Speaking very generally, freedom of expression isn't protected quite as strongly in Europe as it is in the U.S.--consider, for example, England's horrible libel laws, anti-blasphemy laws in various countries, and anti-Nazi laws in Germany and Austria. But free expression still counts for something, so Article 301 has been more than a minor embarrassment to Turkey in its effort to win EU membership.
Turkey's foreign minister said on Wednesday it might be necessary to change a controversial law after nationalist lawyers used it to call for the prosecution of an EU lawmaker for criticising the Turkish military.
The lawyers accuse Joost Lagendijk, a Dutch member of the European Parliament, of insulting Turkey's armed forces by suggesting the military was provoking Kurdish rebels in south-east Turkey in order to boost its influence.
The group has already embarrassed the government by launching prosecutions of novelist Orhan Pamuk and other writers under Article 301 of the penal code, which makes it an offence to insult "Turkishness" or state institutions like the military....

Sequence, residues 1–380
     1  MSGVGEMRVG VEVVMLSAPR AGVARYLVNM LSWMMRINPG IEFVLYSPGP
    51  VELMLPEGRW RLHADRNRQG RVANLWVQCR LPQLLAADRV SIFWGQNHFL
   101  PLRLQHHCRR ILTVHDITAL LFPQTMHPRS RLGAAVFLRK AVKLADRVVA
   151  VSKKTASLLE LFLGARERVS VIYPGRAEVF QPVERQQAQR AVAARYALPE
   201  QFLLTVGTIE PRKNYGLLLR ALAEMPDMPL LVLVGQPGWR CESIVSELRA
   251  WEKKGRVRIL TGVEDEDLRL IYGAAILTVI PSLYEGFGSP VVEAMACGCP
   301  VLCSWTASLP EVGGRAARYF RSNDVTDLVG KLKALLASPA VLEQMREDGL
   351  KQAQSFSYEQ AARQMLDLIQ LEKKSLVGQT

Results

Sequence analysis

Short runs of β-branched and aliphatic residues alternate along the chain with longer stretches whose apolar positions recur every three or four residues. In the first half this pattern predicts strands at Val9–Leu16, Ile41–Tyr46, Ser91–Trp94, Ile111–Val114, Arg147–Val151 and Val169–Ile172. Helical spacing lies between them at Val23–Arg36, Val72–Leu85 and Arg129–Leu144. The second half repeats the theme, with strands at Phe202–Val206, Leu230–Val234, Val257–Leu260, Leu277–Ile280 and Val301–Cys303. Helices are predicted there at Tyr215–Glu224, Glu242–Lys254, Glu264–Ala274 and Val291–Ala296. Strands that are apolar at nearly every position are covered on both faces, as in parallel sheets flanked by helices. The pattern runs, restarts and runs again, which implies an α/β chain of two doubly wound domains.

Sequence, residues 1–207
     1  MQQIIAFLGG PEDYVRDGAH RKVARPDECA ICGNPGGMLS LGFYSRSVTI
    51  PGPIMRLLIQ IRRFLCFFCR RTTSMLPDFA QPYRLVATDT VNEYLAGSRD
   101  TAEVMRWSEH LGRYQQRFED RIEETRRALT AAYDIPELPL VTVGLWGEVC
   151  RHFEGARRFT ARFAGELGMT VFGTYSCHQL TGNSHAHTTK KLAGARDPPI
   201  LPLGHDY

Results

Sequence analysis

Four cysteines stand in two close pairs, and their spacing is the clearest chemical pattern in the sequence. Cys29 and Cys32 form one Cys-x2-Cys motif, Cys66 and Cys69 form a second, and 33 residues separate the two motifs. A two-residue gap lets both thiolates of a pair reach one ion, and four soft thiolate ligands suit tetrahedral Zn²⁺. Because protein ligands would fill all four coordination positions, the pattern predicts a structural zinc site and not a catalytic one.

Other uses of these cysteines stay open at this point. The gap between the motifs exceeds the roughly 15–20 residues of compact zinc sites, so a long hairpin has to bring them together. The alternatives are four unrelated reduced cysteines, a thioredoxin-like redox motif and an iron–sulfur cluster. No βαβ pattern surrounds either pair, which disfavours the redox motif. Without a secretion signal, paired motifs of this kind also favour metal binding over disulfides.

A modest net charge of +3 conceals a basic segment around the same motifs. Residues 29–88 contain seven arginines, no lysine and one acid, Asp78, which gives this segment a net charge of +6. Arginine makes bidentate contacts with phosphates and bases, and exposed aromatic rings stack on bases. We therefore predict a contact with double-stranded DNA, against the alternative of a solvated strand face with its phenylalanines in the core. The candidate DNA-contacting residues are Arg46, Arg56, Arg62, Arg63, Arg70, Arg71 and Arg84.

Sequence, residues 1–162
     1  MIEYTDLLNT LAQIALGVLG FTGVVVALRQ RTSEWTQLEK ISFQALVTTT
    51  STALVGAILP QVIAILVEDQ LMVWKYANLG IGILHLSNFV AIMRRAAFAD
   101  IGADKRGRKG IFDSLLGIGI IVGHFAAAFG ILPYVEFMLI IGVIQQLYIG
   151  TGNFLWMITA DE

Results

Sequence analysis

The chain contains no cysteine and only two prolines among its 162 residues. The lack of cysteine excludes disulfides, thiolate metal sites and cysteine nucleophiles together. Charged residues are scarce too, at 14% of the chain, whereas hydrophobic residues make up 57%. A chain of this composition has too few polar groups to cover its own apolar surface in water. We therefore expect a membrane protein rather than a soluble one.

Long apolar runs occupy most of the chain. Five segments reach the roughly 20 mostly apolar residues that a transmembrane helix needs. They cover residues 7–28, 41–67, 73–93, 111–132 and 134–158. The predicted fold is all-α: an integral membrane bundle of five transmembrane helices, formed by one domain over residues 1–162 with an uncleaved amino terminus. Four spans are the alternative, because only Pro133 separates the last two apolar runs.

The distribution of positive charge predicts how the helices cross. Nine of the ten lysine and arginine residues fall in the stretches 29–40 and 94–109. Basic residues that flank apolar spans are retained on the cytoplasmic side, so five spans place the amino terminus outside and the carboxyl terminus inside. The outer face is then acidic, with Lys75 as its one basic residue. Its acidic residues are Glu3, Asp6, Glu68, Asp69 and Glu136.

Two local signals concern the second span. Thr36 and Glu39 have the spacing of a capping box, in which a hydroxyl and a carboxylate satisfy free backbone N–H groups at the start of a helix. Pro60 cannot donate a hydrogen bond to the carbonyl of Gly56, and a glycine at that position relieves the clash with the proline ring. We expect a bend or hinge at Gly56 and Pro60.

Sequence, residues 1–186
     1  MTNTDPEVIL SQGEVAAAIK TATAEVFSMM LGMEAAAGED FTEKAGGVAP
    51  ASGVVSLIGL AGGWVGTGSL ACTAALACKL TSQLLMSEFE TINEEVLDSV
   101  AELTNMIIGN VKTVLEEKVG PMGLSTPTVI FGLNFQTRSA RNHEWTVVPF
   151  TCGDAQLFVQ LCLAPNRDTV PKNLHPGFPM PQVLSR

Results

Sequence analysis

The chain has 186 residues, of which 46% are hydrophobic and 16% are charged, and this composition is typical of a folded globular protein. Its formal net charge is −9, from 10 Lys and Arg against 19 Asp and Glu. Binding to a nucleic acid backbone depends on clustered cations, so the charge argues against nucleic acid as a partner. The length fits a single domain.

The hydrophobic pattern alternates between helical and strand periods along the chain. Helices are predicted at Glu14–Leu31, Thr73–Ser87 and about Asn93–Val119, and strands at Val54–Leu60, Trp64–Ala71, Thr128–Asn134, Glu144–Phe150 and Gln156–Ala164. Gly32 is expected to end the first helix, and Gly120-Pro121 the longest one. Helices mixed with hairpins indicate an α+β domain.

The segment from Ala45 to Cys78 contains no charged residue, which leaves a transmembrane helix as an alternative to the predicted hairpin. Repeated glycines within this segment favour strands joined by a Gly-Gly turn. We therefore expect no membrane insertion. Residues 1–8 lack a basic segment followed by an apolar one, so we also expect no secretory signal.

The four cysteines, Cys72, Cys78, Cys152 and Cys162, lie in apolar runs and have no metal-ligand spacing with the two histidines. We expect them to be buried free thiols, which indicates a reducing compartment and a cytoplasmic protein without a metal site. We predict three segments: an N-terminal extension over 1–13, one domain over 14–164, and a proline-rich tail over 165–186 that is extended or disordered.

Asked by his interviewer whether he thought Lagendijk had "overstepped the boundary" in his remarks on the military, [Foreign Minister Abdullah] Gul said: "I do not think so. But of course this is for the courts to decide."
Gul has in the past said he believes Pamuk, the best-selling author of novels such as "Snow" and "My Name is Red", would be cleared of insulting the state for saying a million Armenians and 30,000 Kurds were killed in Turkey in the 20th century.
Lagendijk, a Green and a vocal supporter of Turkey's EU bid, is reported to have said during a recent visit to Istanbul: "The military wants clashes with the PKK (Kurdish rebels). This makes it feel powerful and important."
The military is a revered and powerful institution in Turkey and insulting it is a crime. But under EU-inspired reforms, the generals have seen their influence eroded in recent years.
Thursday, December 29, 2005
Arnold P. California | Thursday, December 29, 2005 |